Why commentary matters.
The idea of political debates almost always connotates the idea of debate, or political commentary. Does policial commentary even matter?
The Opportunity For Growth
The modern political spectrum offers many opportunities for commentary, judgment, and insights amongst an every changing landscape. Between party primaries, Congressional elections, and of course the presidential race it seems as if the political race is never ending. While many see this bombardment as annoying and obnoxious, the prominence of modern political commendatry has evolved with the transformation of the media landscape itself.
The Era of 24/7 News
March 19, 1979. This was the launch date for C-SPAN, or Cable Satellite Public Affairs Network. This was the dawn of the 24/7 news era. The goal of CSPAN was simple: coverage of governmental proceedings and procedings in the House of Representatives. While C-SPAN may not be an offender, it was the spark for later news stations to come. A little over a year later on June 1, 1980 CNN was launched. It was only natural that CNN would commentate and have specials regarding coverage from C-SPAN in order to fill the twenty-four hours in a day. Out of this evolved professional political commentators. Naturally these people grew to consider themselves as experts on debates, and thus as having rights to 'critiques' the candidates and campaigns. It was also only a matter of time until these critiques took on a tone of pugnacity that has branded such organizations as Fox News and CNBC with an unfavorable public opinion.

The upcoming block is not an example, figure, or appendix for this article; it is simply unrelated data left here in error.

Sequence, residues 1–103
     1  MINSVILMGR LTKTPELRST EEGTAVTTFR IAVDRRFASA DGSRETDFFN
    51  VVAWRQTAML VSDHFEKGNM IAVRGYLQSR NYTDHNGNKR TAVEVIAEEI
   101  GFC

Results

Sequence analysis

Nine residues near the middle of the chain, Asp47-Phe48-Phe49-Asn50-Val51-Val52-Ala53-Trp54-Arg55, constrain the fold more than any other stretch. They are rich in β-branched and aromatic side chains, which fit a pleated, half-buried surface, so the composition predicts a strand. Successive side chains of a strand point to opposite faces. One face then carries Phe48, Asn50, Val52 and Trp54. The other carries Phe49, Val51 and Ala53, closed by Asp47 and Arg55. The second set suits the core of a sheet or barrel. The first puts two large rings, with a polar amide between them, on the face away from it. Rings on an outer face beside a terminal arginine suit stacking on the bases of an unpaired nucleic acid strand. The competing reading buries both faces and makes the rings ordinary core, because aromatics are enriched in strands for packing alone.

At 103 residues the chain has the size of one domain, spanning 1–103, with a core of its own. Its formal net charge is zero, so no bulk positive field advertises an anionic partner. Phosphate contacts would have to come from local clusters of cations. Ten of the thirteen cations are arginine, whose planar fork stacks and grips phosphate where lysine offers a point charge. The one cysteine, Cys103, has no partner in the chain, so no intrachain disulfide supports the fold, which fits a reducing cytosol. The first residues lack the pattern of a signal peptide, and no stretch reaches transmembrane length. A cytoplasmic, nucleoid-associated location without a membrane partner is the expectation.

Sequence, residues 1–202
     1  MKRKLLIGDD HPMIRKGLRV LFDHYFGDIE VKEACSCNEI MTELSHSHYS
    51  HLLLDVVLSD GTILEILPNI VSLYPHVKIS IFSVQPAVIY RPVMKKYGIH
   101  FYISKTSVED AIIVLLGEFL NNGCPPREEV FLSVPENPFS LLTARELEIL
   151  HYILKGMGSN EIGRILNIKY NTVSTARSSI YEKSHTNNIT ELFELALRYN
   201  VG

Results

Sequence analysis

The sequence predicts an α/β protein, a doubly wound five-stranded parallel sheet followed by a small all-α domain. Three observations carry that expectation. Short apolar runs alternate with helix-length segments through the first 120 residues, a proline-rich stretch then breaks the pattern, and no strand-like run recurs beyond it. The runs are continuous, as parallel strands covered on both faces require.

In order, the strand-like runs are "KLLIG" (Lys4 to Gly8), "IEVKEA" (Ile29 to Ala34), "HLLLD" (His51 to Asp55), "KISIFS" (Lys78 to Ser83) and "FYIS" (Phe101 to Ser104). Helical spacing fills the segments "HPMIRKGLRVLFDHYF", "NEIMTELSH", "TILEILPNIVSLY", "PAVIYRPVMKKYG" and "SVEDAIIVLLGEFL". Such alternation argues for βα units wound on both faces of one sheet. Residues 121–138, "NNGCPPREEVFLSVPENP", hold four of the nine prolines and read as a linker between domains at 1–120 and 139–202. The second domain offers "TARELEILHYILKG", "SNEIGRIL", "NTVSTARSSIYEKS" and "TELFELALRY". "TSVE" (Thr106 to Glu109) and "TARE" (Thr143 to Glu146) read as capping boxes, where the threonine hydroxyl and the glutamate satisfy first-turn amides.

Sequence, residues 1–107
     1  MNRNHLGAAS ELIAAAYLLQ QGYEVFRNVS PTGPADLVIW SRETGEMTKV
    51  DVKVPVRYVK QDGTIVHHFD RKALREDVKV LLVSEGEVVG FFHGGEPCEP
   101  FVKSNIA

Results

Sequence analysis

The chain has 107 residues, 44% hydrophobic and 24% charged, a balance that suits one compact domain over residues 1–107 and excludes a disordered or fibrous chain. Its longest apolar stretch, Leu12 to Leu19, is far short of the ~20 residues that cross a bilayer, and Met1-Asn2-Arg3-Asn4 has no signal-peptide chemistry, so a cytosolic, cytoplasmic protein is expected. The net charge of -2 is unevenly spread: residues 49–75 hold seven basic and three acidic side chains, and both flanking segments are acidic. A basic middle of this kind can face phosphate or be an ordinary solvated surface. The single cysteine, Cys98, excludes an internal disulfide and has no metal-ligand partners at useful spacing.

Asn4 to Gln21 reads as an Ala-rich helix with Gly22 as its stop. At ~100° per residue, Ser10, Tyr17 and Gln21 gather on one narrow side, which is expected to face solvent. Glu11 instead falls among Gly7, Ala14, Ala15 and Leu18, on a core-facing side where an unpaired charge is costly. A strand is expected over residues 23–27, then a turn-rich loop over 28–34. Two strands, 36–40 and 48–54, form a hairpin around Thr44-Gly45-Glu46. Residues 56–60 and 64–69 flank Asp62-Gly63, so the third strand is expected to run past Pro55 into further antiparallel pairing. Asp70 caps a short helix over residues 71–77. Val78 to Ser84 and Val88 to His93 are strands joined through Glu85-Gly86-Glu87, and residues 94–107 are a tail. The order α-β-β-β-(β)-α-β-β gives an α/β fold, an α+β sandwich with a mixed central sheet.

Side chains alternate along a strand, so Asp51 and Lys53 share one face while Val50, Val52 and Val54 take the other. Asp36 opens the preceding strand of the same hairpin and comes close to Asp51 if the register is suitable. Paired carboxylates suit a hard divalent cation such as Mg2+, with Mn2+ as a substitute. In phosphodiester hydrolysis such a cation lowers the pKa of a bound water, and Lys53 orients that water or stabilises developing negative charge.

Note the difference in the videos, with CSPAN being educational while CNN is clearly entertainment.
The explosion of Primaries and subsequent Debates
Primaries are nothing new as political parties have used them for many years to determine their respective nomination for presidential candidates. What is new however, is the coverage of such and their subsequent debates. As 24/7 news networks grew in numbers and popularity they began to look for ways to expand their program offerings. What proved popular were debates. Presidential debates were rating gold mines for such networks. The only problem was that they occur every four years, which isn't very often. A natural progression would be to expand their coverage to the entire election process. Now, networks begin coverage over a year before the election sometimes closer to two years. Along with the increased coverage came increased ratings and revenues. It proved very popular with the American viewers. Why only cover three or four debates when the network itself can host many more for the party primaries?